The Truth About The Hoax That Brad Paisley And His Wife Fell Victim To

While we've been able to use the internet for a lot of great things, it has a darker side too — as Brad Paisley and his wife are well aware. Back in 2013, the West Virginia-born country star and his wife, "Nashville" actress Kimberly Williams-Paisley, fell victim to an online hoax that started with nothing more complicated than a single email (via Yahoo!). 

The couple have two sons, William Huckleberry "Huck" Paisley, born in 2007, and Jasper Warren Paisley, born two years later. The hoax began when they received an email from somebody purporting to be a parent themselves: a mother with a daughter dying of neuroblastoma, a cancer most often seen in babies and young children. It would be easy to get drawn into such a hoax — as Paisley told ABC News, "There's no way that's not real. How can that not be real?" 

However, it was an elaborate scam, and here's the truth about what really went down. 

The couple were in contact with the 'mother' for ten days

In the original email, the "mother," Carrie, said that her daughter had asked her to get in touch with Kimberly Williams-Paisley, but that she'd forgotten to do so with everything else going on. "So it sounded very sort of real," she told ABC News. "But she wasn't dying to get a hold of me. You know, that was kind of the beginning of the manipulation." 

The two of them remained in touch for several days, with the "Nashville" star being sent emails and texts and talking to Carrie on the phone. Not only that, but she was also sent photos of journal entries and recordings of songs sung by her supposed daughter, Claire. Brad Paisley even ended up on the phone, singing "Amazing Grace" down the line.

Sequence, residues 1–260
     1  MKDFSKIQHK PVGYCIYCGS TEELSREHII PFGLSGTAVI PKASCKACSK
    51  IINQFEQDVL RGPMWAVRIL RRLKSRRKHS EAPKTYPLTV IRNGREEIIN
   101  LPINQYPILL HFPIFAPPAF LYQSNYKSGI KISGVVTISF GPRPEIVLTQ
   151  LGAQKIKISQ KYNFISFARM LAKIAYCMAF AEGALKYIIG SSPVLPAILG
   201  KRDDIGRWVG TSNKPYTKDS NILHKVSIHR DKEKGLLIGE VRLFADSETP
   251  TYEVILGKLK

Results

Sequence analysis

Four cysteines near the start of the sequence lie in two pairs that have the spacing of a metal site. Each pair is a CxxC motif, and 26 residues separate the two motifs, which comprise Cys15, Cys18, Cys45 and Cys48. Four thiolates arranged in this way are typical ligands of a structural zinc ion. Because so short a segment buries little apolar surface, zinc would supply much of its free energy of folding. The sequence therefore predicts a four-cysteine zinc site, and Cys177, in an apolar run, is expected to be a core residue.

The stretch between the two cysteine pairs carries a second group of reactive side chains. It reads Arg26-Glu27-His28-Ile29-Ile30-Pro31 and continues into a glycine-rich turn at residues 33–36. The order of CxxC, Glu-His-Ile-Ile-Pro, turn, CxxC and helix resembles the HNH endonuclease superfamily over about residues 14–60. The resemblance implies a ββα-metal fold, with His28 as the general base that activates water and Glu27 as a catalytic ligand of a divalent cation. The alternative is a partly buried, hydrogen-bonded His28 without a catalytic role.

Things started to feel a little fishy, however, when the celeb couple were told that Claire had died. Carrie refused to provide an address when they asked to send flowers for the funeral, and even sent an email saying "I don't need you to pray for me. Doesn't seem like god hears much of anything these days."

Multiple celebrities were targeted

As it turned out, the photos were real — but they weren't of Claire. They'd been taken from the blog of a real child with neuroblastoma, something that Brad Paisley described as the "sickest part" of the hoax. "That is the part that when I start to talk about that, that's when I get really mad," he told ABC News. "That there were real kids, that there were real photos involved." 

What's more, Paisley and his wife weren't the only famous faces to be targeted with this hoax. ABC News show "Nightline" conducted an investigation in which they found that the likes of country band Little Big Town, "Jon & Kate Plus 8" star  Kate Gosselin, and singer-songwriter Natalie Grant were also contacted with similar stories. Eventually, "Nightline" was able to track down the person responsible: Hope Jackson, from Wyoming (via ABC News).

Jackson actually ended up in jail after Paisley sang "Amazing Grace" to her over the phone — her felony charge was theft of services. Strangely, the aim of the hoax never appeared to be about money but rather attention and an emotional connection. Depending on who she was calling, Jackson either pretended to have a sick child or that she was ill herself.  Jackson certainly had a lot of people fooled; an episode of "Jon & Kate Plus 8" was even dedicated to the memory of a woman called Hope, who had died from cancer.